But that still won't be depth. We are inescapably in the position of thinking, because our technologies have permanently changed our apperceptions, that the night sky is actually an app on our iPhone and if we just squint we'll see the outlines and labels for the constellations; that the party we attend this evening is almost like a movie; that this one flower I saw today would look best through an Instagram filter.

There's no going back, in other words. A flat world is all we have left. It will take a miracle to re-discover depth on the other side of the flat screen that is now our world. But miracles do happen. We walk with Christ towards one this Holy Week. Even time is flat now, so we'll have to see what Christ does with that.

Saturday, April 05, 2014

Political Church

This week I was summoned for jury duty. I arrived Tuesday at the Washington County Courthouse ready to perform my civic duty. I figured I might be sitting in a room for a while with little to do, so I also brought along my Holy Week planning resources, and ended up with ample time to select hymns for Maundy Thursday, Good Friday, and Easter. It was a good morning, with a chance to chat with a Quaker jurist who likes literature as much as I do, and a young woman who used to work for the Springdale police department. 
Many conversations with fellow clergy around the country had left me skeptical as to whether I would make the cut and actually serve on the jury. Theories on why clergy are not selected abound. Perhaps prosecuting attorneys believe pastors will be too lenient, acquitting too many offenders. Perhaps defense attorneys believe pastors are too moralistic, and will not be able to presume innocent until proven guilty. Or perhaps juries will defer to pastors. One attorney in particular who also now works in the church said both sides of lawyers would worry a clergy person would dominate a jury. One pastor, the only pastor who reported serving on a jury, reported he had served on two juries, and in both instances was selected as the foreperson of the jury. So there you go.

That, all by itself, is interesting. Apparently in the eyes of the court, a religious leader on the court tips the scales in the jury room enough that it is better to dismiss the pastor.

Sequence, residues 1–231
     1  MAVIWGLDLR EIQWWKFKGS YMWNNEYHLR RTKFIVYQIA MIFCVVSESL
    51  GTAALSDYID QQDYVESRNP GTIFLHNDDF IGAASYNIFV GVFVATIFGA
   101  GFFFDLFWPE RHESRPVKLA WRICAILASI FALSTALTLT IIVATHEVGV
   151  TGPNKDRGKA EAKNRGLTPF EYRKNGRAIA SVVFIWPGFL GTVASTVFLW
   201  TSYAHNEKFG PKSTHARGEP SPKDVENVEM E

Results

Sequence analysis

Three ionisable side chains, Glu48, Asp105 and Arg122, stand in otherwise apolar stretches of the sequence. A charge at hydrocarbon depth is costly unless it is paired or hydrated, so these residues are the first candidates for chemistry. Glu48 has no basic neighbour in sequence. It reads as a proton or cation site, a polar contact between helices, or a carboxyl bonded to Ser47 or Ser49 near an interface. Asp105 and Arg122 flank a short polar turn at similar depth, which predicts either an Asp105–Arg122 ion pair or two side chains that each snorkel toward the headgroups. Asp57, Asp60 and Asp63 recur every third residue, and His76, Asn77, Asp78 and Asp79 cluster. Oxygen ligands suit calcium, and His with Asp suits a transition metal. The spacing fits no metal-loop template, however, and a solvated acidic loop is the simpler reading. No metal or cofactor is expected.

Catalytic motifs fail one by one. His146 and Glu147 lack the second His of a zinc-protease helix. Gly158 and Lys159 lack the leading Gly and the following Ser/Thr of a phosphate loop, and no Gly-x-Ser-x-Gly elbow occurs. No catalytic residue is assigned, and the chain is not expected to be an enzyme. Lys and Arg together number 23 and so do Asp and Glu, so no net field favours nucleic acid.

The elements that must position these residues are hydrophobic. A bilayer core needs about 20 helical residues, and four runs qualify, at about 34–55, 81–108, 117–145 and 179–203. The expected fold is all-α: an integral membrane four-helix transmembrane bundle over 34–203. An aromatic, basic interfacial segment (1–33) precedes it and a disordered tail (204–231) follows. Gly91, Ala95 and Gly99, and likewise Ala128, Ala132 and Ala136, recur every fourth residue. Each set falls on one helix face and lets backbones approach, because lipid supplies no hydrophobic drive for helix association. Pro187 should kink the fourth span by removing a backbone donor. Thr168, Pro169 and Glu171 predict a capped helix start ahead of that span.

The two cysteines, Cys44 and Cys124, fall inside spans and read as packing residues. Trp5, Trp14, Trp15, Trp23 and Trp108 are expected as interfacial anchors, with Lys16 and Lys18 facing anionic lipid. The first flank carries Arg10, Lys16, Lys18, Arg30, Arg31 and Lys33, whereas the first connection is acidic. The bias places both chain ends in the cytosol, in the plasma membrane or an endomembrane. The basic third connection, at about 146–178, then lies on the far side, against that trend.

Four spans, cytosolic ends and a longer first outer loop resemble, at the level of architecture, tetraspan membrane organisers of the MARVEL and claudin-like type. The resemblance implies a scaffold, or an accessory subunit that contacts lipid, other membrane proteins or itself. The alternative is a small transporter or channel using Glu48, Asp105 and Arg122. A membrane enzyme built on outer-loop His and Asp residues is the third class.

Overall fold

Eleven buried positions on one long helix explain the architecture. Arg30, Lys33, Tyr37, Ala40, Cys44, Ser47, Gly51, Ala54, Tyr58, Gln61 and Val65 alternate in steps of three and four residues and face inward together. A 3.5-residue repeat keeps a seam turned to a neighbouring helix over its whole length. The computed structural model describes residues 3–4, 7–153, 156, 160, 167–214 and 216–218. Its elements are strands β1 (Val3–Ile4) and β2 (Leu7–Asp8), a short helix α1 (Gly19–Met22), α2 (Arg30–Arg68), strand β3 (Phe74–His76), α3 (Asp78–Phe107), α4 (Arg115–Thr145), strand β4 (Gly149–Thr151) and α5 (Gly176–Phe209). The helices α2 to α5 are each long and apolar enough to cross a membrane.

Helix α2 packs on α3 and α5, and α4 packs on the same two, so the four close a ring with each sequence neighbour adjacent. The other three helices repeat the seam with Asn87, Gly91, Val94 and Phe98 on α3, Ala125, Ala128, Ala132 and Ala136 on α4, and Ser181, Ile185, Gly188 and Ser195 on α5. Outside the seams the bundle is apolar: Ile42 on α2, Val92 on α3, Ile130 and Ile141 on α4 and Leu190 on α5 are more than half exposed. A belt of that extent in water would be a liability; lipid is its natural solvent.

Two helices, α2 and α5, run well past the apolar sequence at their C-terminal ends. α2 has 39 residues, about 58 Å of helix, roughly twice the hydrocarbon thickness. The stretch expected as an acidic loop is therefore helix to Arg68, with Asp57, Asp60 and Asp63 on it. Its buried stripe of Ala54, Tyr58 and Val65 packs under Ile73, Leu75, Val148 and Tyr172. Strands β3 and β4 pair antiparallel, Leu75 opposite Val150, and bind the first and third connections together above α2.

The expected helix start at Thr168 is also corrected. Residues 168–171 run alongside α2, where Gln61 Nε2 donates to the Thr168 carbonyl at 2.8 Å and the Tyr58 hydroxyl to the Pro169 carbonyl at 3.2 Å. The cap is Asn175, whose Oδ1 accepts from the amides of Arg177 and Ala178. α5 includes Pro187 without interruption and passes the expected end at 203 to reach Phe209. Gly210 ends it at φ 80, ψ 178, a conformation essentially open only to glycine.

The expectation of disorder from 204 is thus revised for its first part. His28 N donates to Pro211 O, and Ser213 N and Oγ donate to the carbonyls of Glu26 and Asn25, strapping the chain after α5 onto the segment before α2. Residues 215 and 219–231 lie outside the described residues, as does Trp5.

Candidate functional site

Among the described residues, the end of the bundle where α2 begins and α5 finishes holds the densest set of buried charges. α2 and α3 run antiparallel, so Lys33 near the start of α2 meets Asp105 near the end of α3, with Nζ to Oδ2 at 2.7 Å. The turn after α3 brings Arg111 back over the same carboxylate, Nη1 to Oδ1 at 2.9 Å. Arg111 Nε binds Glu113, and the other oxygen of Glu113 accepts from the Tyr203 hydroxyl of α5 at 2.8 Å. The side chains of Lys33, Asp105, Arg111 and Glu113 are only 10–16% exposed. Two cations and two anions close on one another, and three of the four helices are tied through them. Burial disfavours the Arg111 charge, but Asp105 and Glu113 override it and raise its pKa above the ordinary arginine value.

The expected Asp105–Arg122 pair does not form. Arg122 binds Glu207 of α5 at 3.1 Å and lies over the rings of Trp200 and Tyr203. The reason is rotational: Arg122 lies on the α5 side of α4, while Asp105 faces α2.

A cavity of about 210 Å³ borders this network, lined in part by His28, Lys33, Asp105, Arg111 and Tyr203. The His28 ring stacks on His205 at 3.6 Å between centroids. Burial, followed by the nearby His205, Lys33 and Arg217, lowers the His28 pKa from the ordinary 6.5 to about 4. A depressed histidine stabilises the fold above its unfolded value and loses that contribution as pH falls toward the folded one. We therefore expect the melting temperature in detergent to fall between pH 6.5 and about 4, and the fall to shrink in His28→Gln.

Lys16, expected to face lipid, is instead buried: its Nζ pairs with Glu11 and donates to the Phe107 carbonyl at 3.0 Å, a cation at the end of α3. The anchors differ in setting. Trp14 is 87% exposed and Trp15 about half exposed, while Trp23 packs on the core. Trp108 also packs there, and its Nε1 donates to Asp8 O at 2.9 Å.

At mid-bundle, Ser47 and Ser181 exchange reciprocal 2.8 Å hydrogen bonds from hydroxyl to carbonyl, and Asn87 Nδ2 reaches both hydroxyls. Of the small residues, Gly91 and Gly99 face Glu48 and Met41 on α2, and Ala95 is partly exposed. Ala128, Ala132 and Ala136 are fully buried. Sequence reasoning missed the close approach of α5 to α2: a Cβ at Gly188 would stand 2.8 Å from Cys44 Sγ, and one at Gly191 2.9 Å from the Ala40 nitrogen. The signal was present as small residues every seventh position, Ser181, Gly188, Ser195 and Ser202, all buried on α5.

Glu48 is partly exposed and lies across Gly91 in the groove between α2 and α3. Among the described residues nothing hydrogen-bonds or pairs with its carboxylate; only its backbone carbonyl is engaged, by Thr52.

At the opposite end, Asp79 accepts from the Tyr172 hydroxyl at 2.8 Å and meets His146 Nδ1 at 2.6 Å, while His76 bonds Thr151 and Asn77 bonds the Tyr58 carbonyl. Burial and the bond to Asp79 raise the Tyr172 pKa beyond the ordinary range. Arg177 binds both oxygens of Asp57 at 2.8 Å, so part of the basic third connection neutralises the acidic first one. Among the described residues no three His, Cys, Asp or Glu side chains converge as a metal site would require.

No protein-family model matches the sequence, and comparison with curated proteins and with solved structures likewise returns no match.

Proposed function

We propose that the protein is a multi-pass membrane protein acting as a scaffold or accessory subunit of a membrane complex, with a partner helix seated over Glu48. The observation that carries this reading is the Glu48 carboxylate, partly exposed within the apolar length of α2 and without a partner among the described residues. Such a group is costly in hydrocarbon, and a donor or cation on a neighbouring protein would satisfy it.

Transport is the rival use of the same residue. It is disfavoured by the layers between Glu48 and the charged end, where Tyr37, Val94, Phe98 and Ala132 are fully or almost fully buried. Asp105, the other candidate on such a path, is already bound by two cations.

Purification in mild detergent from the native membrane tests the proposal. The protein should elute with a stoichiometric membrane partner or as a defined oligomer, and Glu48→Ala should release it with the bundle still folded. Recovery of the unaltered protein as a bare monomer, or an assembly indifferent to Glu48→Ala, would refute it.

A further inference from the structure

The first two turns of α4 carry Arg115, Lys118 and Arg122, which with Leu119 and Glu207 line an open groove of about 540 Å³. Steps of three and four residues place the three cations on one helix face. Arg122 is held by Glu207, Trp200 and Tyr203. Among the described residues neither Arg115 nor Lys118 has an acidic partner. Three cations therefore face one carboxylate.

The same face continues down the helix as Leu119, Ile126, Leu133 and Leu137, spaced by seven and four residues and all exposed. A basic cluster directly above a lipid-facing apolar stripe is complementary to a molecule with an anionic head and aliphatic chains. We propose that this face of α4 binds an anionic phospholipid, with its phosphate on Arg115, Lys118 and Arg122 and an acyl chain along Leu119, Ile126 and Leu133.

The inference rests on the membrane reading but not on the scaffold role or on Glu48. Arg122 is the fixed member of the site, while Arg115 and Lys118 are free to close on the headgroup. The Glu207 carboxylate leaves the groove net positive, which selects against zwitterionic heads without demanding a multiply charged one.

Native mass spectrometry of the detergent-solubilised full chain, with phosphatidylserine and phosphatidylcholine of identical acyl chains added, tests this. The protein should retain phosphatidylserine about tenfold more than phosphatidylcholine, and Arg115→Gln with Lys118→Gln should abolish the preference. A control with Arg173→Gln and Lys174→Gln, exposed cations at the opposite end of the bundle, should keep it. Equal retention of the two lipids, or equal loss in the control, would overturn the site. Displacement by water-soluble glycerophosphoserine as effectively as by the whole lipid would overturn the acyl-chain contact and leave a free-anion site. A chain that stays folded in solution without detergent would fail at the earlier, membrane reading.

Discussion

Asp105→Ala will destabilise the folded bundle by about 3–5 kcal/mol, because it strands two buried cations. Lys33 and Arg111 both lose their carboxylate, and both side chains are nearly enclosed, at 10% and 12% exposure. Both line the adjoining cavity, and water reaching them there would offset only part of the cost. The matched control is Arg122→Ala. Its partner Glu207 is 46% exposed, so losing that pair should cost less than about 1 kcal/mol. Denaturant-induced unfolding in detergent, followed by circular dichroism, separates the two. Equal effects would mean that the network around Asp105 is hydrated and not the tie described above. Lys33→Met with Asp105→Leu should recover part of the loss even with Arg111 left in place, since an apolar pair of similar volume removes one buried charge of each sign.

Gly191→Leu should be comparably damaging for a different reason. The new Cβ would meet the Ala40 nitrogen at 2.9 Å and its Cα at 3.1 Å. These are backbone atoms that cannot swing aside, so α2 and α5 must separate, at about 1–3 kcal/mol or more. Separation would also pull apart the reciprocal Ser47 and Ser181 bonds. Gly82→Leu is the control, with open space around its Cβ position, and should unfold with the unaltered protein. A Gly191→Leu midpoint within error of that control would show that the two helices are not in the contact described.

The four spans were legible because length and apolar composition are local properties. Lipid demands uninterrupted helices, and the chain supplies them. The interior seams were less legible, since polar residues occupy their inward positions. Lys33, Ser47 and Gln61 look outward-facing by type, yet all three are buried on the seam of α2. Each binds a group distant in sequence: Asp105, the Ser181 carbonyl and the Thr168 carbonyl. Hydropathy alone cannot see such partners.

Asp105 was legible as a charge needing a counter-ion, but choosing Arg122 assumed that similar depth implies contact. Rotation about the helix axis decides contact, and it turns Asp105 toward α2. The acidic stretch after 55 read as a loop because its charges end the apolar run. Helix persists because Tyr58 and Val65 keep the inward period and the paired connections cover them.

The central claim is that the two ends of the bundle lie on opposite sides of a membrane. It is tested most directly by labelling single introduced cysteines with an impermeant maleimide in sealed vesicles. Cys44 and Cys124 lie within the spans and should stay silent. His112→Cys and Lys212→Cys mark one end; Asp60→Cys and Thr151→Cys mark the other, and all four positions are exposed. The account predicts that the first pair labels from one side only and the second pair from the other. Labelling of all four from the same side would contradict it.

All of this raises the larger question of the relationship between the political system and the church. We are a nation that has enshrined as its first amendment a commitment neither to establish a religion nor to prohibit the free exercise of it. Those protections, neither to establish nor to prohibit, are embedded in a larger amendment protecting a wide range of forms of free speech.

Transport these commitments back into the life of the church itself, and you have individual people of faith interpreting their right to the free exercise of religion in diverse ways. I think the majority of Christians prefer that politics not be established in the church in about the same way religion is not supposed to be established in the state. There are exceptions to this, I am sure. Some clergy use the pulpit, and some churches use their voice, to align directly behind specific partisan political positions.

Perhaps the way to think about this is to say that the church lives in a strange tension. It is not supposed to be caught up in partisan politics, taking one side or the other in a bicameral system of government. Yet on the other hand, the church is itself a politics. Church is inherently political. John Milbank, one of my favorite theologians on this topic, says that what political theory is to human history in a veiled way, theology is to the understanding of reality and metaphysics as a whole.

In this sense, it is impossible for the church not to be political. It has something to say to the polis, the city, either through its voice, what it says in its confessions, proclamations, sermons, newsletters, and more—and it automatically speaks its commitments through its actions in the world. The moment the church opens its doors to feed those who are hungry, or opens a health clinic or offers English as a Second Language classes for immigrants, its comportment towards the world and actions in it speaks a politics.

From my perspective as a pastor, I hope this kind of church politics would transcend the more typical partisan politics that gets us stuck. I’m not against partisan politics either, per se. There is a nitty-gritty aspect to politics that is unavoidable. We are always working out how to live together as a community and as a nation through the systems that have been given to us, and the cultures that form us. In the end, as much as a Christian would like to transcend partisan politics, they are going to have to go to the polling place and vote for candidates of a specific party.